Yet all of this only came to light after she died and her photos and negatives came to light as it were.
Born into a poor French immigrant family and raised in poverty, she never tried to ascend the socio-economic ladder and ‘better herself’. Her interest in material possessions extended as far a Rolleiflex camera and film. She worked as a child minder for middle class Americans; children were the only human beings she could relate to, although another consideration for her was this was a job which left her with plenty of free time.
It was a better alternative to working in factories.
If at any point she had allowed others to view her photos, she would have become a recognised artist and would have been able to live a better and more comfortable life – yet mysteriously she never seems to have considered this option.
Vivian Maier had no interest in conventional ideas of success.
She chose for anonymity.
She lived alone in small apartments with a heavy security lock on the door. When required to fill in her name on official documents, she often wrote the wrong name or deliberately misspelt it; when people asked her what she did for a living, she told them she was a spy – something which might have got her into trouble during the Cold War when America was paranoid of traitors and spies. Most people wrote her off as a crank.
And yet her description of herself as a ‘spy’ was uncannily prescient.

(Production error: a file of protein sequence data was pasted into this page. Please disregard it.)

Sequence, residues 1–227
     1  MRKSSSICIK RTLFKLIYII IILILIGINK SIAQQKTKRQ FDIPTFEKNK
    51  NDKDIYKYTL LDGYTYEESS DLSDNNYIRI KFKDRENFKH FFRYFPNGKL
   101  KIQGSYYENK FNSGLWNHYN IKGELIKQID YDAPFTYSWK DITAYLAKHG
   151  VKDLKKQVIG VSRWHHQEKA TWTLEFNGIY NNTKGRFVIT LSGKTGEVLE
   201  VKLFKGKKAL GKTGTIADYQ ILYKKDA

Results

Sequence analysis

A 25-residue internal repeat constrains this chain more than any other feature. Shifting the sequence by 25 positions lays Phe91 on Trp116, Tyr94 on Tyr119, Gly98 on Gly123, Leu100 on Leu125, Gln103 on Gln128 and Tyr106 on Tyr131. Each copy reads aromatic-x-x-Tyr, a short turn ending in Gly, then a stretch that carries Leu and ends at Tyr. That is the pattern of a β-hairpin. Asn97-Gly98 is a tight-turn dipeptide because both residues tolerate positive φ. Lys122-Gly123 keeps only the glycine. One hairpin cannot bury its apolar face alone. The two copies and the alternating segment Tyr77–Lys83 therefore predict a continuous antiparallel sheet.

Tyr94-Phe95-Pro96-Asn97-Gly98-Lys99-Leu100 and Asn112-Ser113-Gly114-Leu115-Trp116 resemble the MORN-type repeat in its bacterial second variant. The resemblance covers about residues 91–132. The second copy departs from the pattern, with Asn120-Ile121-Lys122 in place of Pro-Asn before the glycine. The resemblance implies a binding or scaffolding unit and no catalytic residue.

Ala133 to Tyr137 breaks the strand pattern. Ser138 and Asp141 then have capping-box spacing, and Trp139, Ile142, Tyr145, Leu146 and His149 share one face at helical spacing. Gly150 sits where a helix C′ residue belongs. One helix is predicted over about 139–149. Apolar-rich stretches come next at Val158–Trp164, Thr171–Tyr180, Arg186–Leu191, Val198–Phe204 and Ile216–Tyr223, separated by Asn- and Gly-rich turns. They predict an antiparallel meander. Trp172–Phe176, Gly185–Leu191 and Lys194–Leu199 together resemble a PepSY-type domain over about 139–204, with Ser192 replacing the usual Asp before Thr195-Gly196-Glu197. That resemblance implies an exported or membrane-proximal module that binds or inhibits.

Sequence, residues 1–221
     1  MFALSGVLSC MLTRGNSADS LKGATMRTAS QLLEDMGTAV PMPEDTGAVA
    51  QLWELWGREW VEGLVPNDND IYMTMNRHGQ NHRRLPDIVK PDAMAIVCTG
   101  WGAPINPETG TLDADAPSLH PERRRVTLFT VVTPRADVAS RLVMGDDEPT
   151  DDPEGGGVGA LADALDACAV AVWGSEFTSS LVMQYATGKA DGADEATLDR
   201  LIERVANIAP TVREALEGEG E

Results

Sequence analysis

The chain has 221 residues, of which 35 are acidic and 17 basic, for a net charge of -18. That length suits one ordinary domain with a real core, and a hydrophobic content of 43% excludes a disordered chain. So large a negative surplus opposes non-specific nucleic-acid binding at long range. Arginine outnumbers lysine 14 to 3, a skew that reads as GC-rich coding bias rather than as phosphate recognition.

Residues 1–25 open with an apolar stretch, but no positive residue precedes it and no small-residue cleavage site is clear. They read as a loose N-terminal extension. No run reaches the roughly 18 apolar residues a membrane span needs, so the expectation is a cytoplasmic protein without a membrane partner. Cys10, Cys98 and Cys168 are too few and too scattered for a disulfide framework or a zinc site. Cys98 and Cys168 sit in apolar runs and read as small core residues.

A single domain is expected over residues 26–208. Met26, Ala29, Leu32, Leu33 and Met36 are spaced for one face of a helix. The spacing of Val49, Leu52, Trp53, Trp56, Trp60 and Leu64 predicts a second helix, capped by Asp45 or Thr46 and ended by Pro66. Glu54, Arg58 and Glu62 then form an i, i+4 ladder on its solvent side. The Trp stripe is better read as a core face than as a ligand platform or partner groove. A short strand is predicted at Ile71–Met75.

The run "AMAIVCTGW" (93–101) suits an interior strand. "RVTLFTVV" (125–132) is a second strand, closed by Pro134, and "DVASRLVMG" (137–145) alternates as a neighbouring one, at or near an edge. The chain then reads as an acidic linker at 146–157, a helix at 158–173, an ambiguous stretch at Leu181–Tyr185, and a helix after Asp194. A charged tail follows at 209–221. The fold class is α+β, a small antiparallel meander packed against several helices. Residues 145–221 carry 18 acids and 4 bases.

Vivian Maier was indeed a kind of spy: someone moving around incognito, chronicling the human condition in all its strange splendour, moving moments, and daunting tragedy. This after all is the essence of great black and white photographers, this portrayal, in stark and moving ways, of the human condition; this chronicling of life and history through powerful images which break through our natural tendency towards indifference.
And as far as this chronicling of the human condition went, Vivian Maier used other means besides her Rolleiflex. She collected newspapers – thousands of them. She knew what was going on politically and she knew about the widespread reality of poverty and hardship – the shadow side of the American Dream.
Vivian Maier was a pioneer – a feminist, an individualist, a progressive – as well as a great artist.
And seeing the documentary about her was a rare find on a TV system with endless choices as far as the number of channels went – but precious few when it came to content.